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Clinton tells religious leaders he has repented, asked forgiveness


WASHINGTON (BP)–President Clinton, acknowledging his earlier confession to the American people of an adulterous relationship with a White House intern was insufficient, told religious leaders at the White House Sept. 11 he had repented and had asked Monica Lewinsky and her family for forgiveness.
Clinton’s 12-minute speech to more than 100 religious leaders was made at a breakfast that has become a tradition around Labor Day since he took office in 1993 but also on a day that signaled the greatest threat yet to his presidency. Later in the day, the U.S. House of Representatives voted to release the 445-page report of independent counsel Kenneth Starr. The report contains what Starr’s office said is “substantial and credible information that may constitute grounds for impeachment.”
Using biblical language, Clinton said his sorrow and repentance for a sexual relationship in the White House with Lewinsky are genuine and he wants to have a “broken spirit.” In a five-minute, nationally televised speech Aug. 17, Clinton had acknowledged an improper relationship with Lewinsky, but even some of the president’s allies have admitted his admission was marked by anger toward Starr and a failure to apologize and ask for forgiveness.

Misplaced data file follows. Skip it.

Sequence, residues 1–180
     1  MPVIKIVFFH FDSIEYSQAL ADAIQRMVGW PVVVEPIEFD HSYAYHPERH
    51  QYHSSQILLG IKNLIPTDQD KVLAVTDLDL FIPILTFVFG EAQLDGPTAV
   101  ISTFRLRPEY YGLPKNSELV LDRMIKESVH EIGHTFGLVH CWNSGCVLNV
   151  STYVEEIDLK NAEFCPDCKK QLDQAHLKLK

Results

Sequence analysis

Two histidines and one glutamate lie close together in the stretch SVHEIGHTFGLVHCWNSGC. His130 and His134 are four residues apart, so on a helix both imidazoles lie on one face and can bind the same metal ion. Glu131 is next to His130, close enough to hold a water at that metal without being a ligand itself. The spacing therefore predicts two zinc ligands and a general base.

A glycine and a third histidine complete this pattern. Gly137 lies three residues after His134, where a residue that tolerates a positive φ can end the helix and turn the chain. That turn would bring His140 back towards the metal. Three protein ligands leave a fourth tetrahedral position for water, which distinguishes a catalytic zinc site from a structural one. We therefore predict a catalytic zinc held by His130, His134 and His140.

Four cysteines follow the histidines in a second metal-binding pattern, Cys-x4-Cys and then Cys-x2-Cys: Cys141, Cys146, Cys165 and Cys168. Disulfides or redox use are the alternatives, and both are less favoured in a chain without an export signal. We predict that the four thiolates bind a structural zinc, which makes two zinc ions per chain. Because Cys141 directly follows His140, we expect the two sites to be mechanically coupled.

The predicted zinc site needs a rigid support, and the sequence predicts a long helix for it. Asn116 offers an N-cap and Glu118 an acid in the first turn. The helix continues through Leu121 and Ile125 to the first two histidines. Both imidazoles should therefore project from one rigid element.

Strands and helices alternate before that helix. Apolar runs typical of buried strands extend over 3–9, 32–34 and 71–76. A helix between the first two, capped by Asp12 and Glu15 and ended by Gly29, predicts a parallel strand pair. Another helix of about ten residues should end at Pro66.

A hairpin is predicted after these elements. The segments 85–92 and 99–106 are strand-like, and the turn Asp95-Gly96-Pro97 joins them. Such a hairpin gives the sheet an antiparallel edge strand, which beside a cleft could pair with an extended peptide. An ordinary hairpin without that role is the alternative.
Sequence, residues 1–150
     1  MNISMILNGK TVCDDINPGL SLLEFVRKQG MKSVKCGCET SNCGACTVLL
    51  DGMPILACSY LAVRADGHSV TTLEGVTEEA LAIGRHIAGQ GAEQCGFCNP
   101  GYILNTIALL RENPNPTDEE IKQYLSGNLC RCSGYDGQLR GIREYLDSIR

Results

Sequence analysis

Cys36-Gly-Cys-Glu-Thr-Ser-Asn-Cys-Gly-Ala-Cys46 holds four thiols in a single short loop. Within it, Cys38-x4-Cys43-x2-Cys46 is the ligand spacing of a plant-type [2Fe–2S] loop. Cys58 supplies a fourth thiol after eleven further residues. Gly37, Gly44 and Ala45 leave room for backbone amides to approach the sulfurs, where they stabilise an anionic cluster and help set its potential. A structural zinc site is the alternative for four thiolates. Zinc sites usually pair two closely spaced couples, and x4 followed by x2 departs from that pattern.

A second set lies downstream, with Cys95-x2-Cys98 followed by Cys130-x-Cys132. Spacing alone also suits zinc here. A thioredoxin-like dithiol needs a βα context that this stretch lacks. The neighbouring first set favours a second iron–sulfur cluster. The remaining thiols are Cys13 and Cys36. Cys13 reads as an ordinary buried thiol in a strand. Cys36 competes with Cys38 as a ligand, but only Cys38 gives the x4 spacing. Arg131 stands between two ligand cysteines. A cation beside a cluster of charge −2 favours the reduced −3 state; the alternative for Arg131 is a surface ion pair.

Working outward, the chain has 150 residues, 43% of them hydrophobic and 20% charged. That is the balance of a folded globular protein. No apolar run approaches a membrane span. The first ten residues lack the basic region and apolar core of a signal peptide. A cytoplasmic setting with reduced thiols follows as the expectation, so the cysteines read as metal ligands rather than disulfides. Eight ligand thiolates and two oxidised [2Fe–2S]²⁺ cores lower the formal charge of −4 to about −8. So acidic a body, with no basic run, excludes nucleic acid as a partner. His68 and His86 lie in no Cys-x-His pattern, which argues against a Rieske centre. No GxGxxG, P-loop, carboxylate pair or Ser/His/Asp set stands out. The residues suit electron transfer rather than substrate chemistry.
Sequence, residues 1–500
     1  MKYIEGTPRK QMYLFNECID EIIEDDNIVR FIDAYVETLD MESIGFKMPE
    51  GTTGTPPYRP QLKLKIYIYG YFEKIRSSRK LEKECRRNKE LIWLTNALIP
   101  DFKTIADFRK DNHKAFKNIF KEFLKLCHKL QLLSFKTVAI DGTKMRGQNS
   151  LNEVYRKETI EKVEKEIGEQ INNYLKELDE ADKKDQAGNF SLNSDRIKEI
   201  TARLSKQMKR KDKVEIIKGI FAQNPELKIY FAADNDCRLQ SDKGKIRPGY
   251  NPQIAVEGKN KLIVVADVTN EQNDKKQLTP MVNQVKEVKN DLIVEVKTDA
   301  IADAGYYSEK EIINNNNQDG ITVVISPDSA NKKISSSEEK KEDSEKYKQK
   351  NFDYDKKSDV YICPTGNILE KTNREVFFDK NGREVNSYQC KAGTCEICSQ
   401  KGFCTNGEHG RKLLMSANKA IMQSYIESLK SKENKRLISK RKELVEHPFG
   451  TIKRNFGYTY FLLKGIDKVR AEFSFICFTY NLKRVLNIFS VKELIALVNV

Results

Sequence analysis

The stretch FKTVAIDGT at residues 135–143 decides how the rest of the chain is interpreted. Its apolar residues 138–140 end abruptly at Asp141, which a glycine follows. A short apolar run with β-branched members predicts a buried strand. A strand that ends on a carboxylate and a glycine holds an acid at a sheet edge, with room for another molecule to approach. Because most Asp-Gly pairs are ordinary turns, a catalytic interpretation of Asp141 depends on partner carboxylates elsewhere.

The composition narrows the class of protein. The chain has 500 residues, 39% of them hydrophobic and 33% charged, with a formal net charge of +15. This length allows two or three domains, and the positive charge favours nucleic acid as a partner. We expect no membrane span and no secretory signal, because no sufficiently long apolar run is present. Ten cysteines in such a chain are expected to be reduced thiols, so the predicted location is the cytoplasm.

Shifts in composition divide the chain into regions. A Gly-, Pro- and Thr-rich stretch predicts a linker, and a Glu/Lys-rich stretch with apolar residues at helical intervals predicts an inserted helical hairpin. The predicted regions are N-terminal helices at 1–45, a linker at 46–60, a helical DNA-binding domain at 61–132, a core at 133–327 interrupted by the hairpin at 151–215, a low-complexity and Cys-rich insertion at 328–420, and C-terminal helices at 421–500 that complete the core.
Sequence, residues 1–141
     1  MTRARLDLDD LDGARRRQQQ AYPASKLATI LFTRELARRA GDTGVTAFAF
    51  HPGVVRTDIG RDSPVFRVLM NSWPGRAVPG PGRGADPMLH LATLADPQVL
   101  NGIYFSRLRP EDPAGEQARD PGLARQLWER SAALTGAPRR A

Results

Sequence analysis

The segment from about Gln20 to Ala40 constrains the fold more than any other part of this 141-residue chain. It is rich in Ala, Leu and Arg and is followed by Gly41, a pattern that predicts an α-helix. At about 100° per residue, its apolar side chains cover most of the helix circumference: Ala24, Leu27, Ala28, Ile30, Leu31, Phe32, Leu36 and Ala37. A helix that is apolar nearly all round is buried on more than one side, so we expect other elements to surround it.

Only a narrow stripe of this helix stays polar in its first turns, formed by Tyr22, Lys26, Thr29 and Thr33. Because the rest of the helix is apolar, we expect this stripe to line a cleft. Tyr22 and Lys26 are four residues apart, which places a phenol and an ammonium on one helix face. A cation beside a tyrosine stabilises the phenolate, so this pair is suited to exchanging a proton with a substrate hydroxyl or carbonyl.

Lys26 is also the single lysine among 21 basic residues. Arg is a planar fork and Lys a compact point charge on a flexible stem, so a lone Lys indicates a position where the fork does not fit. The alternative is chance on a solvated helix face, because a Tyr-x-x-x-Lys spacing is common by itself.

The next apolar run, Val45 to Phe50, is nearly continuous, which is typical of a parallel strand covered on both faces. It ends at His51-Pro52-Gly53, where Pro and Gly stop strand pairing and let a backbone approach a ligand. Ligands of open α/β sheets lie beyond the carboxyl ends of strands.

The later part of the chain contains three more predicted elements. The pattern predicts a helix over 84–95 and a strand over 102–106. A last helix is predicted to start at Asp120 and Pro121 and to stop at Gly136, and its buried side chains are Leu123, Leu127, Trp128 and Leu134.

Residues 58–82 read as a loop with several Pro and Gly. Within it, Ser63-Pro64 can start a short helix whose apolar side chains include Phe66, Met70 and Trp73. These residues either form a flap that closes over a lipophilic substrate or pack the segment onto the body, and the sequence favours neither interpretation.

“I agree with those who have said that in my first statement after I testified I was not contrite enough,” Clinton said at the breakfast, according to a transcript. “I don’t think there is a fancy way to say that I have sinned.
“It is important to me that everybody who has been hurt know that the sorrow I feel is genuine: First and most important, my family; also my friends, my staff, my Cabinet, Monica Lewinsky and her family, and the American people. I have asked all for their forgiveness.”
Clinton did not say when he requested forgiveness from Lewinsky and her family. At a briefing later in the day, White House press secretary Mike McCurry said the president had not talked with Lewinsky. McCurry said he thought Clinton’s statement at the breakfast “was an apology.”
“But I believe that to be forgiven, more than sorrow is required — at least two more things. First, genuine repentance — a determination to change and to repair breaches of my own making. I have repented,” Clinton said. “Second, what my Bible calls a ‘broken spirit;’ an understanding that I must have God’s help to be the person that I want to be; a willingness to give the very forgiveness I seek; a renunciation of the pride and the anger which cloud judgment, lead people to excuse and compare and to blame and complain.”